Founded by Dr. Clive Cussler, the National Underwater and Marine Agency (NUMA) is a non-profit, volunteer foundation dedicated to preserving our maritime heritage through the discovery, archaeological survey and conservation of shipwreck artifacts.
During the holiday season, your spouse might utter these words: “Don’t forget to water the tree!” This annual mantra is enough to compel families to visit Home Depot where they could purchase an artificial Christmas tree. But for divers who are familiar with the wreck of Lake Michigan’s Rouse Simmons, watering the tree, better still “trees,” remains an anomaly. The cargo of 5,500 trees went down with the ship more than 100 years ago.
The ship and circumstances leading to its demise became one of the most intriguing yet sad tales of Great Lakes lore. Not just the story of another storm, it remains an epic tale of a holiday ritual that went awry when Capt. Herman Schuenemann took a chance in bad weather. He had sustained the journey from Manistique, Michigan, to Chicago many times. Although the weather wasn’t bad when he left port, it remained “stormy November” when anything could turn up. He had two valid reasons for the trip. First he was in debt for over $1,000 as one of three owners of the vessel and second, he was welcomed at dockside in the lucrative Chicago market, where the average tree brought one dollar. He gave many away to the poor who named him Captain Santa. more »
What would the odds be on a ship that bombarded Fort McHenry in 1814 being discovered during the September, 2014 Star-Spangled Spectacular anniversary of our national anthem? A million to one you say? Probably so, considering Canadian Park Service officials had almost given up the search after many years of frustrating attempts.
But during Baltimore, Maryland’s grand bicentennial celebration of our national anthem and the battle waged against the British at the fort during the War of 1812, something else spectacular occurred. Canadian Prime Minister Stephen Harper announced the discovery of the HMS Terror in the Arctic Ocean off Nunavut, 1,800 miles north of Toronto. The Terror and its sister ship, HSM Erebus, launched mortar shells against the fort in the Battle of Baltimore, September 13-14, 1814. Both vessels were lost in 1846 during Sir John Franklin’s expedition to map a northwest passage to Asia. more »
Ghost stories, spooky mansions and witchcraft hysterics are just a few of the paranoid presentations of Haunted Happenings in Salem, Massachusetts, at Halloween. There are tales of ruthless pirates, ocean demons and the woman in black whose spirit haunts the town where her child was accidentally killed. Anyone who sees her face will die, so they say.
But not to worry. For shipwreck buffs, Salem isn’t entirely characterized by ghosts, gremlins and gore. It’s also the home of the Peabody Essex Museum, a venerable institution that most of the Halloween revelers eschew. For 200 years, Salem was one of the richest and most renowned seaports in North America. Its ships’ captains, who founded the East India Marine Society in 1799, sailed the world in search of international trade. In addition to tea, spices, silks, ivory and jade, ships’ masters returned with extraordinary works of art and culture from exotic locales. A society entry practice required every master to contribute a rare work of art to the growing numbers. Competition became fierce and by the 19th century the society had a priceless collection on its hands. more »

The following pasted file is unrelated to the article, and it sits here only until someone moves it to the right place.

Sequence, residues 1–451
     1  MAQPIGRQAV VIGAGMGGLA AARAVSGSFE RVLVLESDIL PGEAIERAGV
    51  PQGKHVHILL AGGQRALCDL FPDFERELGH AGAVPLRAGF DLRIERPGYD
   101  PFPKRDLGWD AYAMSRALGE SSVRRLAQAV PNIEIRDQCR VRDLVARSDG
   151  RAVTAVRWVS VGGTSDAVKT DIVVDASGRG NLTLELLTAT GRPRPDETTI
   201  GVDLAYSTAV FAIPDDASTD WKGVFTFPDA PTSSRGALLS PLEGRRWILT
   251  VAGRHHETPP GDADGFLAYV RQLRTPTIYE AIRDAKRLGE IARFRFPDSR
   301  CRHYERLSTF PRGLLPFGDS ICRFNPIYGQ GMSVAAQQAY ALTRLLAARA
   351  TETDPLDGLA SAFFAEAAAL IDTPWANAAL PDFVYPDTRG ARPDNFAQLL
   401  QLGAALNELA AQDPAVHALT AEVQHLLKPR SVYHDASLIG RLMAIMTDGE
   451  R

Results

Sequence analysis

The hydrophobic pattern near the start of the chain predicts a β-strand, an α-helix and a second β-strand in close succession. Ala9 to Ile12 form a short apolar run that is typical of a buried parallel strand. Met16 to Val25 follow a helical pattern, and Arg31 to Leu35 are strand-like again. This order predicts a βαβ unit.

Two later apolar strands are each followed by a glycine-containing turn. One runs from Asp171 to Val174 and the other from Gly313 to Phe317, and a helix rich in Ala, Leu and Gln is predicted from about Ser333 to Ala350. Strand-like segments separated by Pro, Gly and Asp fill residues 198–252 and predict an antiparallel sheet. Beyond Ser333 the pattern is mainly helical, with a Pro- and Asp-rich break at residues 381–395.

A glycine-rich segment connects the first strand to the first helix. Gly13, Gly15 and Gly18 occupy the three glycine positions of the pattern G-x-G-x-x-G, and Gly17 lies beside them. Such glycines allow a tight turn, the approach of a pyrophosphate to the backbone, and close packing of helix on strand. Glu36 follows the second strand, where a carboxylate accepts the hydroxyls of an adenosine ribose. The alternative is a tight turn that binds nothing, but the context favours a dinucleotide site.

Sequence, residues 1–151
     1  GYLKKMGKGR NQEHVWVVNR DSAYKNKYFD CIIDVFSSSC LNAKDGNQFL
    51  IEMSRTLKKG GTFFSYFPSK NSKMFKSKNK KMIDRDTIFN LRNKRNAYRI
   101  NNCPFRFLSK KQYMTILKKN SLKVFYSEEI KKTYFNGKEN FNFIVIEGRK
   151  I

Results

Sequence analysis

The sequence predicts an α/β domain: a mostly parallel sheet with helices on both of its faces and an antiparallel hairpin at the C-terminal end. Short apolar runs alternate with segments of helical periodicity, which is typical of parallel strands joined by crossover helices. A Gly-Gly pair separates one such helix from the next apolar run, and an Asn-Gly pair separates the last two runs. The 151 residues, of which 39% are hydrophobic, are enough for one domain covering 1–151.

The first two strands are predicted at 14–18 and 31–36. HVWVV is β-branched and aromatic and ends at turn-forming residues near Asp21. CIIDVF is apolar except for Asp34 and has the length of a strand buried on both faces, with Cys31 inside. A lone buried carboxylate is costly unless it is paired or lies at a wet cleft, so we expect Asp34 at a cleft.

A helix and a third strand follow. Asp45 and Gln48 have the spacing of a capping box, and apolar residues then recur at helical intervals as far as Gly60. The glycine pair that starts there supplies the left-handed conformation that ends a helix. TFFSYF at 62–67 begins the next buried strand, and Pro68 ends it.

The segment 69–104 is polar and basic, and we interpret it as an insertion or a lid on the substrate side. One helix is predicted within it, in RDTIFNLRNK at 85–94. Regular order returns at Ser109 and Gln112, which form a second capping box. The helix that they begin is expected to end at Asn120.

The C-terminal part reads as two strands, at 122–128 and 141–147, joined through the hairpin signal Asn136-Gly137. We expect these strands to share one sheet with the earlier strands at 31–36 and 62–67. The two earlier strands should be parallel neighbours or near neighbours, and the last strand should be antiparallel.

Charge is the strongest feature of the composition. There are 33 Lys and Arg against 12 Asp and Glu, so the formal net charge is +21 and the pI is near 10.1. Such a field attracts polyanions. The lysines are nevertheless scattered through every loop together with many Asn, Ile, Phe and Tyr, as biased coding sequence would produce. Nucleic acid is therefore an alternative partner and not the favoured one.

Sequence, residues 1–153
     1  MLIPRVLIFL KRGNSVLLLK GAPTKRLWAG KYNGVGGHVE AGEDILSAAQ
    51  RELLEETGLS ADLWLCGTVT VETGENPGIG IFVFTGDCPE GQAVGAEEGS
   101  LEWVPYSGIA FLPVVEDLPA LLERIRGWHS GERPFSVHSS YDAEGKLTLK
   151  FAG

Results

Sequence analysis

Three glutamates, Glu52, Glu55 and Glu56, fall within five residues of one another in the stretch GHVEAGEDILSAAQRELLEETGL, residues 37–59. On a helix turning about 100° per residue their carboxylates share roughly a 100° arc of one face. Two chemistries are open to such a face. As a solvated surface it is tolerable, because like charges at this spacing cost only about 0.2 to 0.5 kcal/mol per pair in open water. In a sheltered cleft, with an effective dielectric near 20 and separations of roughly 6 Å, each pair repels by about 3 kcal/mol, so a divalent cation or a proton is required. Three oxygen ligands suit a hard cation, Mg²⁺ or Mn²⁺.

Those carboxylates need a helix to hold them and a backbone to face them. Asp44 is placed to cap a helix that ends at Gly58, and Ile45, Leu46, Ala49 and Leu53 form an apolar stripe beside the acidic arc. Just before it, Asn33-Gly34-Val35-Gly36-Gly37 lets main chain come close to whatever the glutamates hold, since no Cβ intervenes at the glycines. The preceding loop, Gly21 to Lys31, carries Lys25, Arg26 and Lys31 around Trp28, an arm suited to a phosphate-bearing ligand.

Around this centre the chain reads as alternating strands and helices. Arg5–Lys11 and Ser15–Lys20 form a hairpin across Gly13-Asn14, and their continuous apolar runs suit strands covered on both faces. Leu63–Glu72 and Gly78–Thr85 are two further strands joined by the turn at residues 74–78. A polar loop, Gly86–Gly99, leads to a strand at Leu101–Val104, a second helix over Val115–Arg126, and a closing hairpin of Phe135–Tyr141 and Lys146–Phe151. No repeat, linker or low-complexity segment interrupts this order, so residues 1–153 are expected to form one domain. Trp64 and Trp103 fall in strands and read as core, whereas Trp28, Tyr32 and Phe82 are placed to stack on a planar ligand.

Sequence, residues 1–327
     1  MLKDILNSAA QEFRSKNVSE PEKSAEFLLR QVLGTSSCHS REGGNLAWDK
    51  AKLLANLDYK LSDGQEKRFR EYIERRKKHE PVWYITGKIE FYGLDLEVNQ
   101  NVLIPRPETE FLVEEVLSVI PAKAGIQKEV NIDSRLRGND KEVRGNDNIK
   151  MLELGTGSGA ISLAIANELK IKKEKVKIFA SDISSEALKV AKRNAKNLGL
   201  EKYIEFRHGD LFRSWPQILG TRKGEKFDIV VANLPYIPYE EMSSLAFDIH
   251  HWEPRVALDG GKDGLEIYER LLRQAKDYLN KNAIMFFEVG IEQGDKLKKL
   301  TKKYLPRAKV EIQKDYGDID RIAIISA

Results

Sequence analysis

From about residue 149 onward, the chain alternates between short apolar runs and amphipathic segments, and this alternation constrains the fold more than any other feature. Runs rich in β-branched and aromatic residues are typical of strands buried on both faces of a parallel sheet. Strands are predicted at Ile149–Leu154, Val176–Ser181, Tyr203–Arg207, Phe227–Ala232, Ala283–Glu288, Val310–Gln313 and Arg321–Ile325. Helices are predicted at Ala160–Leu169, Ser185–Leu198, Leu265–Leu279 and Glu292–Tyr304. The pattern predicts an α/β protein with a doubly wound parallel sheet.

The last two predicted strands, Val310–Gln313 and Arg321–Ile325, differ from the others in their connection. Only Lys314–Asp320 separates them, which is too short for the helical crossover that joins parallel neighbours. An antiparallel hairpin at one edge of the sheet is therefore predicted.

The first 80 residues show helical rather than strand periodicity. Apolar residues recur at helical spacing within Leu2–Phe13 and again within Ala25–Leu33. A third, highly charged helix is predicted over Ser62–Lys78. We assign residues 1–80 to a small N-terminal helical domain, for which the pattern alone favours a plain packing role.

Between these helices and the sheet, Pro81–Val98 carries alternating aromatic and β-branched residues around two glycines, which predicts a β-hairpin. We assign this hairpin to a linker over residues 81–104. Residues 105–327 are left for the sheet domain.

Strange shipwreck discoveries are not unusual, but few rival the puzzling paddlewheel steamboat that Bob Hawley uncovered in 1988. It’s commonplace for the remains of sunken paddle wheelers to be found along the banks of the Missouri River, victims of storms, fires and founderings during the 19th century’s western frontier movement. But this one was rare. more »
An 1888 Gold Rush-era steamship was discovered recently by a National Oceanic & Atmospheric Administration (NOAA) sonar survey team that was scouring the bottom of San Francisco Bay.
The City of Chester, sailing in a dense fog from San Francisco to British Columbia, was struck on its port side by another Bay area steamship that was twice its size. The bow of the Oceanic—transporting immigrants from Asia to California—sliced deeply into the 200-foot vessel, but the captain continued a forward thrust to plug the hole in an attempt to save the passengers and crew. Sixteen people aboard the City of Chester died in the disaster. The Oceanic sent out a double whistle signal, indicating the vessels should pass on the starboard side and the Chesterconfirmed it with the same double blast. But somehow the doomed ship’s captain either misunderstood the alerts or the tides drove him off course. Somehow his ship crossed the path of the Oceanic and that was the end of the maneuvering. The vessels were only half a mile apart when the captains realized their positions…leaving no time to abort the collision. more »